Will copywriters be replaced by robots?

5th September 2018 by Kathryn Strachan | Content, Content & Search, News & Events

On August 23rd, Yard copywriter Kathryn Strachan attended the DMA Copywriting Club quarterly event. The following is based on a presentation given by Milo McLaughlin (Content Writer) and Andrew Girdwood (Head of Media Technology) at Cello Signal.

Are you worried about being replaced by a robot? While 70% of copywriters, who took part in Milo’s survey, aren’t worried about AI, dismissing it as only marketing hype, there may be more to it and perhaps we should be concerned…

Some companies are already employing AI copywriters, like lingerie brand Cosabella. Albert the robot writes copy for Cosabella products (okay, maybe Albert doesn’t exactly write the copy, but rather tests the ads written by Cosabella’s in-house content team to ensure they grab customers’ attention, but still…). Since hiring Albert, Cosabella has more than tripled its ROI and increased its customer base by 30%. Marketing Director Courtney Connell says that they like Albert because he “doesn’t sleep, he’s fast, he doesn’t get into a fight with his girlfriend and lose focus”. It’s damn hard for human copywriters to compete with that sort of feedback.

Cosabella isn’t the only company employing AI copywriters. The Washington Post uses robots to write its sports columns and Alibaba has a robot copywriter that can produce 20,000 lines of copy a second! AI bot Persado can generate personalised language and emotion for each and every customer, and Phrasee writes better email subjects than humans. With such powerful technology, what is a human copywriter to do? Are we all doomed? Will we be replaced by robots?

Okay… Perhaps we won’t be replaced by robots because robots can’t be creative, right? WRONG. Robots can actually write poetry, invent and name new colours like Stanky Bean or Snowbonk, and come up with some pretty funny memes. If our creativity won’t save us, are professional copywriters totally doomed?

Slides by Milo McLaughlin at Cello Signal

Perhaps robots are our friends?

Maybe robots aren’t here to replace us but to help us improve our craft. One robot has worked out the perfect formula for creating an award-winning novel with 80% accuracy. According to this robot, you simply need three key factors: young, strong misfit heroines, scenes of close non-physical human relationships (instead of sex scenes), and to frequently use the verb ‘need’. Now we can all dust off the half-written manuscript sitting at the bottom of our desks, add a few finishing touches and presto – a publishable novel. Hey, that doesn’t sound too bad at all.

On a more serious note, if a robot could write 500 lines of perfectly optimised metadata, I would be one seriously happy copywriter.

How do local Edinburgh marketing agencies use AI?

Well, it seems that not everyone has totally replaced copywriters, so we may be able to keep our jobs a little while longer.

Instead, local marketing agencies take advantage of robots’ superior ability to collect and analyse data to gain some impressive customer insights. For example, by using AI-assisted Google Ads, Cello Signal has been able to determine the best time to send customers targeted messages. For example, for one of Singal’s clients, a leading dental firm with over 400 locations, AI insights showed that potential customers were 500% more likely than the UK average to also be searching for coffee machines or window furnishings.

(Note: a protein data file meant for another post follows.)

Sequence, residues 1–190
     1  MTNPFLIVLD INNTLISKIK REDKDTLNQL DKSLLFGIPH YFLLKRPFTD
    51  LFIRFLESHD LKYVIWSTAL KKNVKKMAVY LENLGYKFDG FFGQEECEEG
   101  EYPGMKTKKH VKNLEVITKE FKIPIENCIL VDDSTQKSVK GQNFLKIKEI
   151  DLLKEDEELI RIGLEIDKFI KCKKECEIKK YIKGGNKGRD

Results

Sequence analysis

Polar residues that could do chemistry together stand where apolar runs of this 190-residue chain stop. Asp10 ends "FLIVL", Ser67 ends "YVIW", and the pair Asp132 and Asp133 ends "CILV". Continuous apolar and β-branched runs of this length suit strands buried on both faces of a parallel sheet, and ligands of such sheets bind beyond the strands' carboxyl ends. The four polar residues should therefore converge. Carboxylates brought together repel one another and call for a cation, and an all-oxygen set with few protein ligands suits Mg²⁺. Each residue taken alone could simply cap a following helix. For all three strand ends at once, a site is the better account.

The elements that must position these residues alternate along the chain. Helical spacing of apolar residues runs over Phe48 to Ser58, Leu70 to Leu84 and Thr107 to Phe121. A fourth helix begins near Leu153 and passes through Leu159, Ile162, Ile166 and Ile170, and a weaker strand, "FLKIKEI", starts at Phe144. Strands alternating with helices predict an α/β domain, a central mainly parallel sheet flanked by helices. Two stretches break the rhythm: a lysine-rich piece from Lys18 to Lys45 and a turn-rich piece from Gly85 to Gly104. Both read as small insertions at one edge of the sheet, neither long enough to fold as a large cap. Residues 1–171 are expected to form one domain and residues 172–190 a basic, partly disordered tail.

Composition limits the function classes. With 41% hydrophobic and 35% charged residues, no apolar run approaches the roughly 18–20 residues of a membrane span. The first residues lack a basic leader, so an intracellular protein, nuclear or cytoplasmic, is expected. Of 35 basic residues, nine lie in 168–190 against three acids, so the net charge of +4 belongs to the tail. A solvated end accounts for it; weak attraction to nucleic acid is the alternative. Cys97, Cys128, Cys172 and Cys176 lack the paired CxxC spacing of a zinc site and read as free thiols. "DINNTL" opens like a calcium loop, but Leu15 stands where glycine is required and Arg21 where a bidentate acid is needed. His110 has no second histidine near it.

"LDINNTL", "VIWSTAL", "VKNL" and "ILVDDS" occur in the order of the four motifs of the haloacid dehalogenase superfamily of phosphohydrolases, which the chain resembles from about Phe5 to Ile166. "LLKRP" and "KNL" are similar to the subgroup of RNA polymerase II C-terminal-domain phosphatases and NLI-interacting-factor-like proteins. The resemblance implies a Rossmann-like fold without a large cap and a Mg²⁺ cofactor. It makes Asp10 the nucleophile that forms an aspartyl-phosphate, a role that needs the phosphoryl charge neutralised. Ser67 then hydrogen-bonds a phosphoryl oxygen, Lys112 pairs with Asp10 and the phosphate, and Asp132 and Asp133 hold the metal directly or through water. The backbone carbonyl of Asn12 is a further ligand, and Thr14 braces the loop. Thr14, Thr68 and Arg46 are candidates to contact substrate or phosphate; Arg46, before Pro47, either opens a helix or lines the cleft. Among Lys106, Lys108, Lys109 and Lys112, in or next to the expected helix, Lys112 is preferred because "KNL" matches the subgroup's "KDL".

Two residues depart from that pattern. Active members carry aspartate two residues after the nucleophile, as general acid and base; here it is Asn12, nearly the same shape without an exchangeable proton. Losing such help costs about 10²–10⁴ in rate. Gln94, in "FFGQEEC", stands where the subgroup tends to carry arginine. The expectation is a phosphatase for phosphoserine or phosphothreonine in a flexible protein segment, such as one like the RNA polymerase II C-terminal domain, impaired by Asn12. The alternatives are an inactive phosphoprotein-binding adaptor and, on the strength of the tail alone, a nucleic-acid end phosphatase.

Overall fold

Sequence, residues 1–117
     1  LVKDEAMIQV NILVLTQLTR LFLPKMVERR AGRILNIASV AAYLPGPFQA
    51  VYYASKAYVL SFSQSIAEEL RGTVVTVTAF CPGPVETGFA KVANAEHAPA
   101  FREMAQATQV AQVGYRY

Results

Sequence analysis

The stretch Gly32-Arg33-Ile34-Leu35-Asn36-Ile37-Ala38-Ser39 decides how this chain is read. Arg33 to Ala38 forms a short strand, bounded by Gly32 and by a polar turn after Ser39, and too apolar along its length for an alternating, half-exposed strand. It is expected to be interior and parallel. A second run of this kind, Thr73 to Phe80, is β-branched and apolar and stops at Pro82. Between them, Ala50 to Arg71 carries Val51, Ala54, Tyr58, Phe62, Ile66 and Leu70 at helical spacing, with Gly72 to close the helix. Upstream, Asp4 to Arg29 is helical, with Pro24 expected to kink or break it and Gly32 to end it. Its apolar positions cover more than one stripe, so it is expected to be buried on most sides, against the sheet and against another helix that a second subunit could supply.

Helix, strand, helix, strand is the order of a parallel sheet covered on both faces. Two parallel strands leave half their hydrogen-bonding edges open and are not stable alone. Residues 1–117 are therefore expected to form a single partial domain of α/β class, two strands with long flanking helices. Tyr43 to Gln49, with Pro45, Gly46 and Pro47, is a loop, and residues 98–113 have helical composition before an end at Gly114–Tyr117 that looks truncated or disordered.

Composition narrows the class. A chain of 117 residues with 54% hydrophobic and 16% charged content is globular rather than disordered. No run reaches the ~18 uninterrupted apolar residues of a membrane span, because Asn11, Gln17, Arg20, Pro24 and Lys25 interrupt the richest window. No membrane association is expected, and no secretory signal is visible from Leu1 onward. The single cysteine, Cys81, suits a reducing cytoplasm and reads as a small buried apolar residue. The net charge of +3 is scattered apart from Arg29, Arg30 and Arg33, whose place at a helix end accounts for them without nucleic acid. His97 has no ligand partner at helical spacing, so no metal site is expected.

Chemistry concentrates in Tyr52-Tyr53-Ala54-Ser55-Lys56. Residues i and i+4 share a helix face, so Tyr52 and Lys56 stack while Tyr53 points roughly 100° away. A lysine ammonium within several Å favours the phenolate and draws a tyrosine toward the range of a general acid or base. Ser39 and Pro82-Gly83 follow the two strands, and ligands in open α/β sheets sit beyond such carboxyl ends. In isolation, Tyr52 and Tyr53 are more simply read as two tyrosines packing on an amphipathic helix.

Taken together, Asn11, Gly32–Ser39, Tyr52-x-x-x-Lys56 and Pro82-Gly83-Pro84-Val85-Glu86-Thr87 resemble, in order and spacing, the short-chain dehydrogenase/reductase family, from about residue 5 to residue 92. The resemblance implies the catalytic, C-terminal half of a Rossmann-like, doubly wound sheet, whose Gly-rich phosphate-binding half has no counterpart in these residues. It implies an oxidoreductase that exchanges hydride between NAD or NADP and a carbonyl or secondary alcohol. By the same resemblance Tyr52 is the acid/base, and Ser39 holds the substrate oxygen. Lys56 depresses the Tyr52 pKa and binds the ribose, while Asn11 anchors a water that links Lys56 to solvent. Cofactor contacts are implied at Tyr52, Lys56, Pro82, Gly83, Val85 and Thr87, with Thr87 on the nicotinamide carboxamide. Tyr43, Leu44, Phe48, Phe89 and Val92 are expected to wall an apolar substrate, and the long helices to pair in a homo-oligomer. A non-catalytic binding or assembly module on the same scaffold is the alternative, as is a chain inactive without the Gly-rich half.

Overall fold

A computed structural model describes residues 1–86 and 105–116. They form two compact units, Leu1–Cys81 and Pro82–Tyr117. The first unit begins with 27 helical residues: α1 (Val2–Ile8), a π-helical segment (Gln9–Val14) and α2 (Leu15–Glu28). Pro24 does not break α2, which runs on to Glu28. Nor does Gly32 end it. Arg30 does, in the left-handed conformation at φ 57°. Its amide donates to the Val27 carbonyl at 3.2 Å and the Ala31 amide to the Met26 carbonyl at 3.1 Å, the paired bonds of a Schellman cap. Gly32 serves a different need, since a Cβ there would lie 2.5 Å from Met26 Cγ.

While it’s been long suspected that when people move house they also need to find a new dentist, the exact timing was unknown. This data shows that when people are ready to think about items like coffee machines they’re also ready to think about finding a new dentist! Thus, when they’re in the process of buying a coffee machine, they’re also ready to see ads for dental practices.

AI-powered insights also revealed that potential dental implant customers were 290% more likely than the UK average to also be looking for flights and tourism advice for Mexico and Latin America. Despite seeming like a random coincidence, some digging revealed that this correlation was actually due to the fact that Mexico and Latin America are known for dental tourism. By travelling to these countries, customers could get dental implants while saving money. Now, the client could decide whether to write off these customers as too poor to afford a UK dental implant service or send them targeted ads (perhaps about UK dental safety) to convince them to get them implants locally.

Can you tell the difference?

Robot copywriters are getting scarily good at creating copy. So much so that it can be difficult to tell the difference. Can you guess which lines were created by Phrasee and which were created by a human?

 Slides by Milo McLaughlin at Cello Signal

Pretty shocking eh?!

Is life as copywriters know it over?

Yes, definitely. But, will we be replaced by robots? Maybe, but not today.

At present, robots still have a few flaws that they must overcome before they can completely replace us. It’s still unknown whether robots are really able to think for themselves or whether they are simply reacting to human-fed information. They may not currently be as smart as copywriters, but that doesn’t mean it’s not a future possibility.

A survey of hundreds of AI experts about the probability of robots reaching a human intelligence level forecasts that by 2022 robots are 10% likely to have met or exceeded human intelligence, while this situation is 50% likely by 2050 and 90% likely by 2075. So, the question is not whether robots will one day be as smart as humans but when. Once this happens, what will the world look like? Something tells me that it’s not just copywriters that should be worried.

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